BOXING DAY BLIZZARD by Peter Nolan Smith

December 23 2010 was my last day of work for the holiday season. Richie Boy and I had worked three weeks solid. An extra hour was added to the schedule in hopes of last minute shoppers. There were none. Jewelry was x-ed off Santa’s list this year, although Richie Boy held high hopes for December 24.

“I can’t believe you’re leaving on the biggest shopping day of the year.”

“I’m going to Boston to be with my family.” I had skipped the trip in 2009. My Xmas mood was Elvis Presley ‘blue’. The day was spent drinking wine at Frank’s Lounge. This year was different. My father’s death in November slashed the fabric of my universe. I shrugged to Richie Boy. “I’m done.”

“Okay, if that’s the way you feel.” At the end of the day he gave me my salary and bonus. A little more generous than 2009.

Richie Boy, his father, and I drank a bottle of wine after the safe was locked for the evening. It was 7pm. We drank another and toasted our effort this year. In the summer we were dead in the water, but Richie Boy and I and Manny pulled off some lucky sales.

“See you next week.” I went home to Fort Greene to pack my bags with gifts for my nieces and nephews. Sleep came early as did my morning alarm.


On the Fung Wah bus to Boston by 10.

South Station by 3.

Two beers at Jacob Wirth and a train to the South Shore for a joyous reunion of friends and family at my old next door neighbors. I drank Black Russians, wine, and a glass of Irish whiskey. My brother-in-law said that I was the loudest person at the gathering.

“Then I accomplished my mission.”

Christmas morning I awoke on their couch. I had changed into pajamas. My breath could melt chrome off a tailpipe. I blamed the cat. Shadow. Christmas dinner was recounting on family tales. Laughter following accusation of mendacity. My stories were constant targets and I said, “All stories are true if interesting.”

My sister went to the movies with her son, daughter, and her new boyfriend from Maine. I sat with my brother-in-law and his good friend. We planned a May assault on Mount Washington. Vodka-tonics gave us courage for the future climb. We were all the same age.

His son returned from seeing THE FIGHTER with the phone plastered to his ear. Orbitz had called him. His flight to DC had been canceled due to the threat of a blizzard. Continental couldn’t get him back until Monday. Amtrak wasn’t accepting reservation on the Acela. There was only one option.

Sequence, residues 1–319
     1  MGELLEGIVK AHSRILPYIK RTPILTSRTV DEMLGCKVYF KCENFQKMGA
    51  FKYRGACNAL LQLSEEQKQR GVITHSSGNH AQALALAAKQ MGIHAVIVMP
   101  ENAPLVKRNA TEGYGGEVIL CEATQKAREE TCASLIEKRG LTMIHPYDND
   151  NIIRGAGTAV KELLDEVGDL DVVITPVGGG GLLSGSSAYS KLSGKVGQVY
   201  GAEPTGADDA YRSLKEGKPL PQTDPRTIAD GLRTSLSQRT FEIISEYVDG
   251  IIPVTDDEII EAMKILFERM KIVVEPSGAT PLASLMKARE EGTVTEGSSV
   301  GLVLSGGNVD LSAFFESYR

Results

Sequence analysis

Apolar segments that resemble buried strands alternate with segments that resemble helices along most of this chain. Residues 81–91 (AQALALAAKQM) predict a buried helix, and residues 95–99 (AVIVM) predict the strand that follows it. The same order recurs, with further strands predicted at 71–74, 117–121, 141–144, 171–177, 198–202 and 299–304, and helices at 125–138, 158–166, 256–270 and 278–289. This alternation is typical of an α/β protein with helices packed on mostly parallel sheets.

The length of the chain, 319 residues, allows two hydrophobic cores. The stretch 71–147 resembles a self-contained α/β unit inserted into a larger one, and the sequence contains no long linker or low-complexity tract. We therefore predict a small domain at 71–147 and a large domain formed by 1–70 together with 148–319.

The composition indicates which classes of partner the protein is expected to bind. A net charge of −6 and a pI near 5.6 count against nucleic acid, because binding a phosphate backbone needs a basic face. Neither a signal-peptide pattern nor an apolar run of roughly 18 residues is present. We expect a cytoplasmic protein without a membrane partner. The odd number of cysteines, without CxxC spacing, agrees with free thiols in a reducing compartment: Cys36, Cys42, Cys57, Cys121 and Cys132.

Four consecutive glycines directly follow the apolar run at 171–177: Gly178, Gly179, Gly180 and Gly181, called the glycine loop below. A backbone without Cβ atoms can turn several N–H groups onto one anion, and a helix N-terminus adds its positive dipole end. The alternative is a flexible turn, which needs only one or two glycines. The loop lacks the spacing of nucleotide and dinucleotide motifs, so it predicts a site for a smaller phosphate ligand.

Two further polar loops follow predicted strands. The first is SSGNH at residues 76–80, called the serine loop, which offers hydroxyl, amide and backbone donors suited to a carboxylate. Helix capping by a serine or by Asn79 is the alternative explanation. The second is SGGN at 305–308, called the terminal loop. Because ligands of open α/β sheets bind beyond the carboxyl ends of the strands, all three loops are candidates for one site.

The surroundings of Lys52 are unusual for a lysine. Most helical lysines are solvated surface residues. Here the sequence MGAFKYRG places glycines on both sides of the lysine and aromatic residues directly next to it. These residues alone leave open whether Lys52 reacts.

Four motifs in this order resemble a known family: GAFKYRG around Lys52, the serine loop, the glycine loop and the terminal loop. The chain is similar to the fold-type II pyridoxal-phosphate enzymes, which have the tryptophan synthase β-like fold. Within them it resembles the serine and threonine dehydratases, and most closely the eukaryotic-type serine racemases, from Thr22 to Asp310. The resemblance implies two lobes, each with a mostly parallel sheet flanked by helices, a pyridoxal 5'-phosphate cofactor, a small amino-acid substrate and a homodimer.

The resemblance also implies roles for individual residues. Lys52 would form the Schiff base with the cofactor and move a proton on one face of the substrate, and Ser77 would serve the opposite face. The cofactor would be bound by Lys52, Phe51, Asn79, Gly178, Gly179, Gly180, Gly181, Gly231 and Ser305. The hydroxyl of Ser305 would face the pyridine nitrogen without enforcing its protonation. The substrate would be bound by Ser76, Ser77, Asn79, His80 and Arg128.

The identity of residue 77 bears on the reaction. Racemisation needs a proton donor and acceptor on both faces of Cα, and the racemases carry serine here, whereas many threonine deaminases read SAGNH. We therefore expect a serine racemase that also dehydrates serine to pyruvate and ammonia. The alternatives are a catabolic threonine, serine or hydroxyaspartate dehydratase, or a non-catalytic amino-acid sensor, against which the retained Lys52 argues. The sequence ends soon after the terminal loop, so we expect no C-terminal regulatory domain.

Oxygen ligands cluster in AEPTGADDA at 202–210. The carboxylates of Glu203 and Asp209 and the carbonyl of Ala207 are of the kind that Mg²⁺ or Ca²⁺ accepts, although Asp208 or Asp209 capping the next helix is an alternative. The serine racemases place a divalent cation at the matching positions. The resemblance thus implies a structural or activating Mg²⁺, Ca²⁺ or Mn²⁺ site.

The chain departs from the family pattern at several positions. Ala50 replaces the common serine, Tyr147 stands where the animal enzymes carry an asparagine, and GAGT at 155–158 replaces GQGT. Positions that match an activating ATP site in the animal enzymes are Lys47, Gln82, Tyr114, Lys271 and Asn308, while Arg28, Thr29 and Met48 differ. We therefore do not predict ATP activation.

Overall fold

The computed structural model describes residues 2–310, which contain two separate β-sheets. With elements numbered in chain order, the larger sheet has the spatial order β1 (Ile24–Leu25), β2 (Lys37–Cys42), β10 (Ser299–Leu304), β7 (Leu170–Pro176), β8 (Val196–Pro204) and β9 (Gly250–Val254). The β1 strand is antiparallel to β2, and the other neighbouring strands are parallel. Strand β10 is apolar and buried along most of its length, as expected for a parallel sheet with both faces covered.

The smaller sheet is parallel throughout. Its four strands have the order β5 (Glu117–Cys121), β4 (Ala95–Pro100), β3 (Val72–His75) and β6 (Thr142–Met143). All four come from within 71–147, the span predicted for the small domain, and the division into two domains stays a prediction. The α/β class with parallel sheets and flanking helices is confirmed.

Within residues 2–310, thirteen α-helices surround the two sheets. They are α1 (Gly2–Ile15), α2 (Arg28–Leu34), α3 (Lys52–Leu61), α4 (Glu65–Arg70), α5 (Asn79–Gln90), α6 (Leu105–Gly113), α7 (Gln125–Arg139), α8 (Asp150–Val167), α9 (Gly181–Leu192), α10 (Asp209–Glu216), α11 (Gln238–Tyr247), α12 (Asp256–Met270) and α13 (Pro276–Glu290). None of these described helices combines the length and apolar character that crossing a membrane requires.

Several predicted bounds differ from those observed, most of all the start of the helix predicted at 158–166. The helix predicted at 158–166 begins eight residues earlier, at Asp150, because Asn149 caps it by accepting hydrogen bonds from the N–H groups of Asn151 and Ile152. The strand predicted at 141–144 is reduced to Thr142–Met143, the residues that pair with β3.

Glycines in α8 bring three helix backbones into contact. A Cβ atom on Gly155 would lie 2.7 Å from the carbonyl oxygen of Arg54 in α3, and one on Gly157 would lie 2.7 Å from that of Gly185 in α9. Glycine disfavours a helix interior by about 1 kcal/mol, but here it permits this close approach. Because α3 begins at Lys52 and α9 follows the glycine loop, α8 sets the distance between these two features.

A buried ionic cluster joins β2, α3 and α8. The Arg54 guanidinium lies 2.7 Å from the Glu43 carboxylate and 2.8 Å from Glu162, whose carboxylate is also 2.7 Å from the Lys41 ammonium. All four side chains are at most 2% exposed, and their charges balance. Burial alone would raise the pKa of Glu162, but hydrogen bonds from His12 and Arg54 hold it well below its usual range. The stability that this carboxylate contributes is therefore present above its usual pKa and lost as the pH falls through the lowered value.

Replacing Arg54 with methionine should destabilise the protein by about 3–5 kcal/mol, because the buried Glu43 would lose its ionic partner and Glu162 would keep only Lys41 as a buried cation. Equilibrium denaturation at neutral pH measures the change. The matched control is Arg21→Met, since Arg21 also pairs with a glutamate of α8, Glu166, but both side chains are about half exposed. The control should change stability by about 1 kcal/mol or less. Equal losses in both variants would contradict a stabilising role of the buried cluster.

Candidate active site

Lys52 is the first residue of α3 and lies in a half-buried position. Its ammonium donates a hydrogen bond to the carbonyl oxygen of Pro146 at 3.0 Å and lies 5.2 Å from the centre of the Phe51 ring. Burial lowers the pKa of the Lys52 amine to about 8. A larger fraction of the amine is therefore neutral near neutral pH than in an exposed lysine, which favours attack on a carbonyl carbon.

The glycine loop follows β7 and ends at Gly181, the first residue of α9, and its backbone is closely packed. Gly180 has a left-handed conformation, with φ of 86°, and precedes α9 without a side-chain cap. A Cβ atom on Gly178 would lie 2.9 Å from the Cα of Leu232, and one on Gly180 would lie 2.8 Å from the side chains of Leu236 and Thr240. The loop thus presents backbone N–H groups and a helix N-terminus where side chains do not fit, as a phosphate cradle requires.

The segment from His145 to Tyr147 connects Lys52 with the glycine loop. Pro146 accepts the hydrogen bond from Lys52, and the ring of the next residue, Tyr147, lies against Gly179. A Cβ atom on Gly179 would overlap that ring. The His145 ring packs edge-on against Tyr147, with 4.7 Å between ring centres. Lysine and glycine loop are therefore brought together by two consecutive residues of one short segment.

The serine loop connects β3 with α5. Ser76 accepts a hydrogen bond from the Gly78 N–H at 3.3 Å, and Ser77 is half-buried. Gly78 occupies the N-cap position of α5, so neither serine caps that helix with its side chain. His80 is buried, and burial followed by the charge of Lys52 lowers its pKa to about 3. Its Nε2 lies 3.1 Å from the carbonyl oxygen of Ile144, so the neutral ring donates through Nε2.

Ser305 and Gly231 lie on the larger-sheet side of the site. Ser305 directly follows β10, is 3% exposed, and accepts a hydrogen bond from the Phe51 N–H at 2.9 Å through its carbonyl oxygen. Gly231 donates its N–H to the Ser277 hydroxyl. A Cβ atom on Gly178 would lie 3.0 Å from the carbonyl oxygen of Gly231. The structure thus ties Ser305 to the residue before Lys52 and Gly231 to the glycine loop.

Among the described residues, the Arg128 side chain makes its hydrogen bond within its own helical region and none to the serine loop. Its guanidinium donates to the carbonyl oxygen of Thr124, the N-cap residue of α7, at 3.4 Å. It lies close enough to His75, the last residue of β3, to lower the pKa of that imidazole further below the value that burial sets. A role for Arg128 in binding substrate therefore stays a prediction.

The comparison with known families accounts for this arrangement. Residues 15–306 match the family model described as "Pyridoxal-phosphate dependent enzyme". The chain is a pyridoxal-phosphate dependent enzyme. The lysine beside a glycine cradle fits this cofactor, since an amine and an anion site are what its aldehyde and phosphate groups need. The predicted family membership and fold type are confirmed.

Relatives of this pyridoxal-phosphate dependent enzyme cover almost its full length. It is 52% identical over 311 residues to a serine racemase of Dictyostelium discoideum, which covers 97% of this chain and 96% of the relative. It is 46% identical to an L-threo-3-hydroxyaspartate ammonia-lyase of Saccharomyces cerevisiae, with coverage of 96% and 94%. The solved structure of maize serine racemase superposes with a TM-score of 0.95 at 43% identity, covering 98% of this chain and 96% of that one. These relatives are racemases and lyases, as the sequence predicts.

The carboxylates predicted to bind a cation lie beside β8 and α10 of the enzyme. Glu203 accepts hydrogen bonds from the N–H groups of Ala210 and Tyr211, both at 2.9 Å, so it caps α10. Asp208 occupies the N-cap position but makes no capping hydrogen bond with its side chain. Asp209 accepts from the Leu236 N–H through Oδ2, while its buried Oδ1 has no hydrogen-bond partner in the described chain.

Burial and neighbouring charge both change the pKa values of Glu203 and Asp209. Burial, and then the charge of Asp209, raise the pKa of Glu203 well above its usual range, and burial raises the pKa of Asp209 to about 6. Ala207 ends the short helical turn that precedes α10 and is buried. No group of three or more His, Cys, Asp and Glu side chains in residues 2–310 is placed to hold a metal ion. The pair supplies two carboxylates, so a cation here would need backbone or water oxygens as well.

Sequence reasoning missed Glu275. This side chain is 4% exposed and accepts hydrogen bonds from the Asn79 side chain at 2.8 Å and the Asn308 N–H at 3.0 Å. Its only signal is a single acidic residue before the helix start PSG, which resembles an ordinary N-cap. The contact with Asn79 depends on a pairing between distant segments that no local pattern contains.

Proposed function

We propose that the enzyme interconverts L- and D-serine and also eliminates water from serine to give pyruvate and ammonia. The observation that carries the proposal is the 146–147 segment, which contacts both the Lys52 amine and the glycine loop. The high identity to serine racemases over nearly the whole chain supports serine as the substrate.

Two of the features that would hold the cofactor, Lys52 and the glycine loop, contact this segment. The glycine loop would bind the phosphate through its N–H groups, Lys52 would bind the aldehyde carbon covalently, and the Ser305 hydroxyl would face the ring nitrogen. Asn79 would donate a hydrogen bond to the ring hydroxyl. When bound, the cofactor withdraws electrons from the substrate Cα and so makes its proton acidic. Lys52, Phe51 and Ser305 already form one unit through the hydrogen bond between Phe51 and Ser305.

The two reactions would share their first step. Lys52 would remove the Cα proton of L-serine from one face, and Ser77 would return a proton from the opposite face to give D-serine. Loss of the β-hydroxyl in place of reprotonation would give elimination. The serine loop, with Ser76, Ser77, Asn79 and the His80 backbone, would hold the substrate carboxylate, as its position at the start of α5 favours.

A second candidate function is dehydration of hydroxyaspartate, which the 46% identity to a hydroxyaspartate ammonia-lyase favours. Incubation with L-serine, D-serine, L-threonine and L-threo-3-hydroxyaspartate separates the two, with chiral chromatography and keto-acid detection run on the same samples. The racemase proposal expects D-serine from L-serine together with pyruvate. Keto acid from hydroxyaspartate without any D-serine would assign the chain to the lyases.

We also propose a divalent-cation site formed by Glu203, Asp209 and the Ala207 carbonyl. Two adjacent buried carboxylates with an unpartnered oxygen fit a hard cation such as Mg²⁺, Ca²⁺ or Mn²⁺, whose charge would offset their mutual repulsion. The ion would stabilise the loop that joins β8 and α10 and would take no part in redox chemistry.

Fung Wah.

This morning we woke at 7:45 and his father drove Matt and me into South Station. We caught the 8:30 bus to Chinatown. The driver valiantly disobeyed every traffic law to get us into Manhattan within four and a half hours. The snow was light. I brought Matt over to the DC bus on Allen Street. It left at 1:30.

“I’ll be home by 6.” He hugged me goodbye. Matt and I have always been close.

“Are you sure you don’t want to stay with me?”

“No, I want to get home.”

“Good luck.” I felt the same way and subwayed over to Lafayette and Fulton. The snow was nothing special, but by the time I left my house, tornadoes of snow were swirled down South Oxford. People were hurrying home. The good grocery on Fulton was closed. The wine store was open. I bought a bottle of wine and hurried over to Frank’s Lounge to watch the end of the Jets game in Chicago.

They lost to the Bears.

I had three beers with Roe during the first half of the Giants game.

They lost too.

The winds were wiping down Fulton. This was no joke. I texted Matt. He was nearing Trenton. Richie Boy texted me from Vermont. Tomorrow was going to be a snow day. The diamond exchange was closed, because of the blizzard. I shoveled the sidewalk twice and then retreated to the top floor to cook myself dinner.

Left-over Christmas ham.

I texted Matt to tell how good it tasted.

“Nice.” was his reply.

He was nearing Delaware.

DC was another two hours away.

But Fung Wah was determined to get him there.

“When no one else is moving, Fung Wah will get you there.”

They were dependable.

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